ICD Code Crosswalks: No Substitute for ICD-10 Compliance


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While crosswalk solutions may appear compelling, their usefulness is significantly limited by implementation complexity and expense, as well as reliance on manual labor.

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ICD Code Crosswalks: No Substitute for ICD-10 Compliance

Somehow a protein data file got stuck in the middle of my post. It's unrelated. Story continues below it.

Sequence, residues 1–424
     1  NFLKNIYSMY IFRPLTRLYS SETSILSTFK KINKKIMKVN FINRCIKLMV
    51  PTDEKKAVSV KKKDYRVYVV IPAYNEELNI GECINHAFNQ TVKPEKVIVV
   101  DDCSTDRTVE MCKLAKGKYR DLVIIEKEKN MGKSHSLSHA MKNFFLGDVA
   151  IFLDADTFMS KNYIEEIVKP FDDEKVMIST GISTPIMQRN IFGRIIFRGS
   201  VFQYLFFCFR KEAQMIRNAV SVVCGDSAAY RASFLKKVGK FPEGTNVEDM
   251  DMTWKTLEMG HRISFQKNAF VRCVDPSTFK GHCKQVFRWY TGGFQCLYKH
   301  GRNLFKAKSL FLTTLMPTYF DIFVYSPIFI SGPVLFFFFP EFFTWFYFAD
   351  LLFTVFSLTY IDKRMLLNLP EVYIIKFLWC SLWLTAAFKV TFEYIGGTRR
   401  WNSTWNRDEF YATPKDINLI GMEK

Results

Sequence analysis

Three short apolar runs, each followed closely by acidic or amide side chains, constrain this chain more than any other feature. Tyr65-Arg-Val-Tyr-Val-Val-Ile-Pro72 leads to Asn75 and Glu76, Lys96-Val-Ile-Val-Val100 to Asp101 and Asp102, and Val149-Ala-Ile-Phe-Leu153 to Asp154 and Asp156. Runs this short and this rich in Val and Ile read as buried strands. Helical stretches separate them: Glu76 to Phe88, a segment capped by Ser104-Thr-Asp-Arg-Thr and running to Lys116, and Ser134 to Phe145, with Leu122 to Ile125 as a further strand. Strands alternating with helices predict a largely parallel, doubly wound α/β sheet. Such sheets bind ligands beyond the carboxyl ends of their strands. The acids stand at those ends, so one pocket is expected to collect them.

1. 1. ICD Code Crosswalks: No Substitutefor ICD-10 ComplianceWhile crosswalk solutions may appear compelling, their usefulness issignificantly limited by implementation complexity and expense, aswell as reliance on manual labor.Executive SummaryWhen it comes to converting claims betweenICD-9 and ICD-10 code sets, ICD crosswalks areoften presented as a sensible, even long-term,solution to achieving ICD-10 compliance. However,a crosswalk-based approach — which involves theautomated application of maps to convert claimsbetween ICD-9 and ICD-10 — is fraught with com-plexity and added expense and can even increasethe need for manual review of data and claims.The challenge is that mapping ICD crosswalks isinexact by definition, as the mapping betweenICD-9 and ICD-10 codes is nondeterministic.That is, while applying a forward map to anICD-9 code generates an ICD-10 code, applying abackward map to the resulting ICD-10 code doesnot always result in the original ICD-9 code. Infact, the American Medical Association (AMA)indicates that one-to-one matches exist for fewerthan 25% of ICD-9 to ICD-10 codes.1These typesof mismatches negatively impact the business,resulting in reduced auto-adjudication rates, lossof information and increased customer servicecall volumes, as well as other potential issues.Crosswalking in either direction, then, is not asubstitute for fully implementing ICD-10 andmust be seen as a transitional option of lastresort. Where crosswalks seem unavoidable,careful attention must be paid to the true costs ofchoosing this solution over migration to full ICD-10compliance. These costs, plus related IT and oper-ational issues, are highlighted in the commoncrosswalk implementations discussed below.The Crosswalk ConundrumCrosswalks are the automated application ofmaps to convert between two code sets — in thiscase, ICD-9 and ICD-10. There are two types ofICD crosswalks that can be used as a transitionalapproach to achieving ICD-10 compliance:• Backward crosswalk: This type is used toconvert ICD-10-based data to ICD-9-based data,to support processing or analytic and reportingneeds.• Forward crosswalk: This type is used to convertincoming ICD-9-based claims received on orafter the compliance date of Oct. 1, 2014, toICD-10-based claims so they can be processednatively as ICD-10 claims in systems that arefully ICD-10 compliant.The challenge that healthcare organizations facewith either type of map is that ICD-9 and ICD-10• Cognizant 20-20 Insightscognizant 20-20 insights | may 2013